Adams bit and began snapping pics at age 9. Today, he’s a retired motion-picture and television literary agent who moved to Santa Fe in 1989 and turned his attention full-time to photography.

“In the beginning it wasn’t really about the photography, it was more about the equipment, and then it became more about the subjects as time went on.”

In 2005, he won the New Mexico Council on Photography’s Eliot Porter Award. His work has been exhibited at regional museums and, most recently, took over the Meem Community Room, where we’ll host a small reception for Photography of Sam Adams, from 5–7 pm on Friday, August 7.

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¡Que Viva! A New Day for the Palace


Workers are getting ready to apply new stucco, repair roofs, improve heating and cooling, change the landscaping and more at the Palace of the Governors, a 400-year-old National Treasure in the heart of historic Santa Fe. Begun in 1609–1610 as the seat of Spain’s North American colony, the Pueblo Revival building became the flagship of the state’s museum system in 1909. In recent years, it has drawn preservationists’ fears, most critically because of its 1970s cement stucco on the interior courtyard’s wall.

Now, thanks to a $400,000 infusion from the Department of Cultural Affairs and another $680,000 from the state Legislature’s recent session, that water-trapping stucco will be stripped off and replaced with a breathable lime plaster. Stucco around the rest of the building will be patched up, workers will install new roofs above the Palace gift shop and Meem Community Room, and the Palace’s capricious heating-and-cooling system will be tied into the New Mexico History Museum’s more reliable one.

Other repairs include replacing approximately 18 viga ends along the Palace Portal, fixing whatever damage is revealed when existing stucco is peeled off, and smoothing the rumpled brick sidewalks on the sides of the building to make them wheelchair-friendly. The $680,000 allocation will help pay for even more work at the New Mexico History Museum, including replacing doors that have settled poorly and, in some cases, contributed to a problem with rain leaks.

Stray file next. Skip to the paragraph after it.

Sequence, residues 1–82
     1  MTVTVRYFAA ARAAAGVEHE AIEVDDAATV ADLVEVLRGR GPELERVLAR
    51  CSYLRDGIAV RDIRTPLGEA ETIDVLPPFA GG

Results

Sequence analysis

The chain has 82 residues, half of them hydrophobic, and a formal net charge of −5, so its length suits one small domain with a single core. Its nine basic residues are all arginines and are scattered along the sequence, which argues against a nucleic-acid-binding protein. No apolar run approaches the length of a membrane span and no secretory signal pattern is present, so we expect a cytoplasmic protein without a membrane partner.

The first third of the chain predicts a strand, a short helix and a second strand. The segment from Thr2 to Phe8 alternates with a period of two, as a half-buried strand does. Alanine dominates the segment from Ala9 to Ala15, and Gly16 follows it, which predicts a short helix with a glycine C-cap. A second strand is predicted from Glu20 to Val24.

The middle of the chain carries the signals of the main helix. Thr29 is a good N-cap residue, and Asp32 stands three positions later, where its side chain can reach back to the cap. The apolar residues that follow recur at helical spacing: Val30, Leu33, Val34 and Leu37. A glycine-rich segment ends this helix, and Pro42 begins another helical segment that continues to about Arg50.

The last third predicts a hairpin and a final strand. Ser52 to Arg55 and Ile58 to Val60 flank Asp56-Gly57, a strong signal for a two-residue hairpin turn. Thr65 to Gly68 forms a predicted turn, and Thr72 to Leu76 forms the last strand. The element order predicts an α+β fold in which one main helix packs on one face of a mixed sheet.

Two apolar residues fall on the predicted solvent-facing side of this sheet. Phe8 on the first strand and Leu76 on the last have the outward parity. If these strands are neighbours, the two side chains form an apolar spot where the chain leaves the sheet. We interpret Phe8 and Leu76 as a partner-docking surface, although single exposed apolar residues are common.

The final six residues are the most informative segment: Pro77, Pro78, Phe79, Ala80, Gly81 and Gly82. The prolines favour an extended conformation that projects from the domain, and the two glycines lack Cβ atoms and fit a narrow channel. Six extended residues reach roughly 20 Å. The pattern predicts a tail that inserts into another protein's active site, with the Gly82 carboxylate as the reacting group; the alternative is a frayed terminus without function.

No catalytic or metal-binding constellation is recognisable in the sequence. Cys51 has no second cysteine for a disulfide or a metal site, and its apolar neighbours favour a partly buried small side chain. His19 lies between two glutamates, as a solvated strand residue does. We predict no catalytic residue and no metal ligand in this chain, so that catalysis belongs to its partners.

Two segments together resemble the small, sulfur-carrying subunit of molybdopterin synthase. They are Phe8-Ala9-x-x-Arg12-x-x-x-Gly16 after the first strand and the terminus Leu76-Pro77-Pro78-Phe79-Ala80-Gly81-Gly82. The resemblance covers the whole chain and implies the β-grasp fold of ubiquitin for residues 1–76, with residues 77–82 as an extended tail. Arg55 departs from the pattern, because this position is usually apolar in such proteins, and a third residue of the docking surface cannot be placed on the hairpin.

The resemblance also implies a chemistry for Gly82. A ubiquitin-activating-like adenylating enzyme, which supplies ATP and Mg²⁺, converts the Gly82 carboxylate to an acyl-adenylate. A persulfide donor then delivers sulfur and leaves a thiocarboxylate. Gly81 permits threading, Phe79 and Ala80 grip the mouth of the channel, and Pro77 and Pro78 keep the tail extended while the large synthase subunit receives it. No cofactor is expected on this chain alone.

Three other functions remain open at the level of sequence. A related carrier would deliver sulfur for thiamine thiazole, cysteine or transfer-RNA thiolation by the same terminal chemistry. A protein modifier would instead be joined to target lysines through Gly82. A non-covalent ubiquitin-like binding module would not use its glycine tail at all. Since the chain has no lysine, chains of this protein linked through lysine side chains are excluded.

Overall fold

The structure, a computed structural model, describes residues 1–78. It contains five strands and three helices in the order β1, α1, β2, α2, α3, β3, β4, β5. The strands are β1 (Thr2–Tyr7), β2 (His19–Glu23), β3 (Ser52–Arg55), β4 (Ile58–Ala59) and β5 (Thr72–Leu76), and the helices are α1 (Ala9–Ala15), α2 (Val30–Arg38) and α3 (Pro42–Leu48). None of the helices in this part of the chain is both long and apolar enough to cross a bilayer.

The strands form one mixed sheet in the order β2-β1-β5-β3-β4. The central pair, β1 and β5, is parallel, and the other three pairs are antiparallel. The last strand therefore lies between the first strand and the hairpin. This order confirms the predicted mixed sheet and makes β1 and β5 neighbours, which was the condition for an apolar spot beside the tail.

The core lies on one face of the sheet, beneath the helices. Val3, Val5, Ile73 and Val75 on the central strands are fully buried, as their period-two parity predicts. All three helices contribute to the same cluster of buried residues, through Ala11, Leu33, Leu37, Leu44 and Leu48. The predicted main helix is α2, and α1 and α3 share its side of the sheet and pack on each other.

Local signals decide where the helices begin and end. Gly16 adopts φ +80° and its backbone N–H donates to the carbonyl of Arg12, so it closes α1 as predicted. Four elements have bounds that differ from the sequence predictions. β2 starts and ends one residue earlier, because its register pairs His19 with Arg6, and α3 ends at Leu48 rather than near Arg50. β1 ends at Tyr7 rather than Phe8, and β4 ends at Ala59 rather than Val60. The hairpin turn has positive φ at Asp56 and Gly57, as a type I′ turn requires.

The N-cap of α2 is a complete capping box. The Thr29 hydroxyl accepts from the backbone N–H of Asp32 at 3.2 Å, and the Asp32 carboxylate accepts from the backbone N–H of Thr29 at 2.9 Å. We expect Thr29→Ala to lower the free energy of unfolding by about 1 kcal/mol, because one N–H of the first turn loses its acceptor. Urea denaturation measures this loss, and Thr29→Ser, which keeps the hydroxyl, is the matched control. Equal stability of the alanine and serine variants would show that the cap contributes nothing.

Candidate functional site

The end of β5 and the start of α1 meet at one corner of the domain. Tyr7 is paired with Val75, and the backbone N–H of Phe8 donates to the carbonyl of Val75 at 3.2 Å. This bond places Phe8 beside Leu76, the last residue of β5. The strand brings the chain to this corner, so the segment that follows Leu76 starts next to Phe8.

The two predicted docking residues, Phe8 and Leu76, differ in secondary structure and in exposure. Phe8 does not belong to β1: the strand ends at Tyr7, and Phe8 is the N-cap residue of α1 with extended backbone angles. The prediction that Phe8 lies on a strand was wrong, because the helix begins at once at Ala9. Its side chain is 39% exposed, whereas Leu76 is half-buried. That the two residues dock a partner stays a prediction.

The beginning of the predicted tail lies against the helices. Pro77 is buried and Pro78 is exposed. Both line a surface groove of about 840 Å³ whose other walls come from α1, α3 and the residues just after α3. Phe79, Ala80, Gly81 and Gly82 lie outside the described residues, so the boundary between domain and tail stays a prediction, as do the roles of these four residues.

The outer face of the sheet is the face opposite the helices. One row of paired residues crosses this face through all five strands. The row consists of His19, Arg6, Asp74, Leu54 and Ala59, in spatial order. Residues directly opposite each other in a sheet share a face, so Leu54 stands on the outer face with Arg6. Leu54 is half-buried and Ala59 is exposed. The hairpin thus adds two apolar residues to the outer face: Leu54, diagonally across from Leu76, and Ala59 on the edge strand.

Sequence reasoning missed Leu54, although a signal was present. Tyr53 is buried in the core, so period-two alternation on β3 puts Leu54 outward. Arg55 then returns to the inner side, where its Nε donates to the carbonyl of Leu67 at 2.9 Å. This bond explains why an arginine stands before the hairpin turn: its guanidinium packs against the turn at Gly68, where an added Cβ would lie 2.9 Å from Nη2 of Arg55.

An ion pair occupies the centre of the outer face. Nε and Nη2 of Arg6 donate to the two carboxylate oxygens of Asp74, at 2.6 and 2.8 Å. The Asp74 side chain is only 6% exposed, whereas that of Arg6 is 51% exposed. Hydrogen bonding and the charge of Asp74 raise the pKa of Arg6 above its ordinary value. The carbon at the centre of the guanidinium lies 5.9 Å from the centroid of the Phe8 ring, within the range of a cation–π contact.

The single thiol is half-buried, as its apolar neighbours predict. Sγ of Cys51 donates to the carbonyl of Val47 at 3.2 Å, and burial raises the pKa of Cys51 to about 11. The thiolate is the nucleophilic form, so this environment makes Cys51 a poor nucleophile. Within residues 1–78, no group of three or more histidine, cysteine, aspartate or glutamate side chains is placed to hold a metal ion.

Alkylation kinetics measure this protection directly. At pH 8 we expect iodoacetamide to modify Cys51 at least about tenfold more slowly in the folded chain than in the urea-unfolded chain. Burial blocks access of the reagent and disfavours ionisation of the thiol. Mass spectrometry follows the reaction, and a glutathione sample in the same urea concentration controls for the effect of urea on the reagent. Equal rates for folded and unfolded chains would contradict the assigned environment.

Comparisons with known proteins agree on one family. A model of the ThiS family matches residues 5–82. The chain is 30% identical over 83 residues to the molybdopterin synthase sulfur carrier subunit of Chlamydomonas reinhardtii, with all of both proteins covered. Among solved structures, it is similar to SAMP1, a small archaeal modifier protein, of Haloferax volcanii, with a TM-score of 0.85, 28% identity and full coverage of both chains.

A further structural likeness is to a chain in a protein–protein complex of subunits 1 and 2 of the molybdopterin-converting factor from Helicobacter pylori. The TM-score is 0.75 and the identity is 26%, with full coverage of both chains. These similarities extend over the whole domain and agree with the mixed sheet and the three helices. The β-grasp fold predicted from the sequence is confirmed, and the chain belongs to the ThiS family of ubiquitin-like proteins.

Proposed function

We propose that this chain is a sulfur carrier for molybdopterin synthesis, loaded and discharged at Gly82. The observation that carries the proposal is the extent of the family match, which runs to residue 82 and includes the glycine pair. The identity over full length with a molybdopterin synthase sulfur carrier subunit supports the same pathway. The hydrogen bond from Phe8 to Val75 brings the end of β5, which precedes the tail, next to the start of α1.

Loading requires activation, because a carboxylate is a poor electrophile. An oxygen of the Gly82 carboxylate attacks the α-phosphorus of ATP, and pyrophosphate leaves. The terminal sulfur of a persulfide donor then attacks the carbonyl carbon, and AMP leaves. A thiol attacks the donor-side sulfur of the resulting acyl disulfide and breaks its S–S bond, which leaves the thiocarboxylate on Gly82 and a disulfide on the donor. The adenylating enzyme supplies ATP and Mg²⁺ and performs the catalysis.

“We’re grateful to Governor Susana Martínez, state legislators, and Cultural Affairs Secretary Veronica Gonzales for seeing the importance of caring for the Palace. We pledge to be wise stewards of the taxpayers’ money,” said Andrew Wulf, director of the New Mexico History Museum/Palace of the Governors. “This building stands as a testament to the deep roots of Native, Spanish, Mexican and American life in the United States. We want it to show off its best attributes for years to come and ensure that guests from around the world are safe and comfortable.”

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Catch a Rising Star at the Young Natives Show

4-72-YAN_2014-2Want to get in on the ground floor of collecting from a future Native arts star? On July 4 and 5, the Young Native Artists Show & Sale returns to the Palace Courtyard, from 9 am to 4 pm. Children and grandchildren of artists who belong to the Native American Artisans Program will show off their latest works of art, learn a few tricks of the customer-service trade, and possibly launch a career.

Alvin Van Fleet knows. He was once of the kids selling in the twice-a-year shows. Now he makes silver and copper jewelry that he sells under the Palace Portal. He believes so strongly in this event that he’s helping to organize it even though he doesn’t have children of his own to participate in it.

“The children’s show helps the kids learn how to deal with money and how to continue the tradition their parents are continuing—beadwork, silverwork, pottery,” he said. “That’s how the next generation learns.”

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Get Out of Town: The State Historic Sites Want You

CoronadoKiva-Sandias_ByEricMaldonadoHow about making this mid-year resolution: I will visit all of the State Historic Sites this summer. Few experiences can both deepen and widen your understanding of New Mexico history better than trips to the seven sites, which encompass ancestral Native life, Spanish colonists, Territorial forts, and the rip-snortin’ legend of Billy the Kid.

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An Evening with William deBuys